Clueless Congress throws its hands up in the air
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THE Congress Thursday sought to put up a brave face saying the Gujarat results were "expected", but there was deep disappointment in the party over losing its sixth Assembly elections in the state in a row.
While some heads are set to roll in the organisational reshuffle, the fact that Gujarat is the latest addition to a list of states where the party has not been in power for about two decades or more is set to dominate the party's brainstorming session, "Chintan Baithak", due in Jaipur in the third week of January.
The Congress lost power in Gujarat in 1995, in Uttar Pradesh in 1989, in Bihar in 1990, and in Tripura in 1993. It has been out of power in West Bengal for more than three decades barring the brief stint as the TMC's junior ally. In Tamil Nadu, it has not come to power on its own for well over four decades.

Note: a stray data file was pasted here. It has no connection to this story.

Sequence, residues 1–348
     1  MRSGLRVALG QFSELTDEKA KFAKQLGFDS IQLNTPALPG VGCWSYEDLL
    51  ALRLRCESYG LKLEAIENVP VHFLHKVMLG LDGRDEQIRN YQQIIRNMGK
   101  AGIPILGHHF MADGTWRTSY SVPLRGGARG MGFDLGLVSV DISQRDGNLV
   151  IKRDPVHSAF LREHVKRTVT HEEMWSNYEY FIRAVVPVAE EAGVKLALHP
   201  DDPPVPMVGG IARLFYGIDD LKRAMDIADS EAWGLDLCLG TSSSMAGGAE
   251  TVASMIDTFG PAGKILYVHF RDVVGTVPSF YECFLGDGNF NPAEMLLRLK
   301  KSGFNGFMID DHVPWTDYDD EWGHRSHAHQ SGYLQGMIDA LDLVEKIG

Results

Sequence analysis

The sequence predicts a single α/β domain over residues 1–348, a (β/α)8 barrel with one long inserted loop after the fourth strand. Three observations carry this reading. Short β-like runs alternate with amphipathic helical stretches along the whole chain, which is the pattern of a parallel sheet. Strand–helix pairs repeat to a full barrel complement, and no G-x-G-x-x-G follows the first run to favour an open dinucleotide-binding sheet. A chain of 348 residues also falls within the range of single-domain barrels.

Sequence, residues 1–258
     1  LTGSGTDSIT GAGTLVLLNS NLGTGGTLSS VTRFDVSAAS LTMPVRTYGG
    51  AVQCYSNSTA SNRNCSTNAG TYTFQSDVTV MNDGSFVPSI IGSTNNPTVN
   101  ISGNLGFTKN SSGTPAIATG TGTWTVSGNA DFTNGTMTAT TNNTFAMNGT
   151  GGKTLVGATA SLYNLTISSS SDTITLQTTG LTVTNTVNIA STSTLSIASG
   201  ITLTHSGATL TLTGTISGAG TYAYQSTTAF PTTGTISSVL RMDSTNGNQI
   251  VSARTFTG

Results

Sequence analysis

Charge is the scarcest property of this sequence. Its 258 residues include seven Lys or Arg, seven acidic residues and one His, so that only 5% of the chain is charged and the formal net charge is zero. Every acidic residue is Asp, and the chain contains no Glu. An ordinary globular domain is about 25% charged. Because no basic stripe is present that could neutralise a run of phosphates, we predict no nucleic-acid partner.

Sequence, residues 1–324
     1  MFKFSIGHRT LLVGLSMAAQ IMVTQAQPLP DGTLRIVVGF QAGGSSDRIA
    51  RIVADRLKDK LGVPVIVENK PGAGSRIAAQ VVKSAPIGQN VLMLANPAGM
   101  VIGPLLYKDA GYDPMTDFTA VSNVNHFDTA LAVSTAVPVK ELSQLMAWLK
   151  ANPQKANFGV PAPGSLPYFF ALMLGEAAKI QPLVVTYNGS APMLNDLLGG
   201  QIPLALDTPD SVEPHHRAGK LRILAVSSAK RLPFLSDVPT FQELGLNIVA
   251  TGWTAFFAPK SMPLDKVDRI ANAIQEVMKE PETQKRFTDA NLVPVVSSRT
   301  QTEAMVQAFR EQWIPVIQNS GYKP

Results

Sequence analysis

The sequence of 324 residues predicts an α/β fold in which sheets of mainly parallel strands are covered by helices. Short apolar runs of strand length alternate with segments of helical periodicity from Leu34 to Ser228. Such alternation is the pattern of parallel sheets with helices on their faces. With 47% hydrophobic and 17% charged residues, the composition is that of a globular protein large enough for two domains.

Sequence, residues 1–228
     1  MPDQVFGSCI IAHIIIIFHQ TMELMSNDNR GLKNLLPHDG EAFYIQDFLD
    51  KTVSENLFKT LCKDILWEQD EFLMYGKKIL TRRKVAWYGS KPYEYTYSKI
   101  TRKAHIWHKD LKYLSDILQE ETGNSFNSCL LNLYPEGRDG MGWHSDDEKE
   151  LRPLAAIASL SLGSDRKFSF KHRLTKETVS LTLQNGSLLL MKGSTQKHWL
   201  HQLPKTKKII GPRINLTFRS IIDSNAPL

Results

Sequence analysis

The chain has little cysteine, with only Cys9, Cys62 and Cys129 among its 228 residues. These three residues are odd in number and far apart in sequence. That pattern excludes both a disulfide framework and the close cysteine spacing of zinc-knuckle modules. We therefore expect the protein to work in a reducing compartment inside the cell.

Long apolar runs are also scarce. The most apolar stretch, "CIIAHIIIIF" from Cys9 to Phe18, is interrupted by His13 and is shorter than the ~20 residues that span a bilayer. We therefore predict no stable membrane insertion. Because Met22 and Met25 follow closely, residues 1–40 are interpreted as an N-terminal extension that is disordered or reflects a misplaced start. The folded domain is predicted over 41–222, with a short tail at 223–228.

Alarmingly for the party, as the Gujarat results showed, its leadership seems clueless about what it needs to do to stop being pushed to the political margins in such states.
The Congress had sought to put its best foot forward in Gujarat this time, offering doles, maintaining silence about the post-Godhra riots to avoid polarisation on communal lines, giving limited exposure to Rahul Gandhi to deny Modi the opportunity to turn it into a Rahul-versus-Modi election, keeping the focus of the campaign on development or the lack of it, denying tickets to those who had lost last two consecutive elections, among others.
But, nothing worked.
"What has also come as a big setback is the fact that people like (PCC chief) Arjun Modhvadia, (CLP leader) Shankersinh Gohil and the late Chimanbhai Patel's son Siddharth Patel, who were emerging as the party's faces in the state, lost. Frankly, we don't know what to do next. Our leadership should discuss not just Gujarat but other states as well at the chintan baithak," a senior Congress leader told The Indian Express.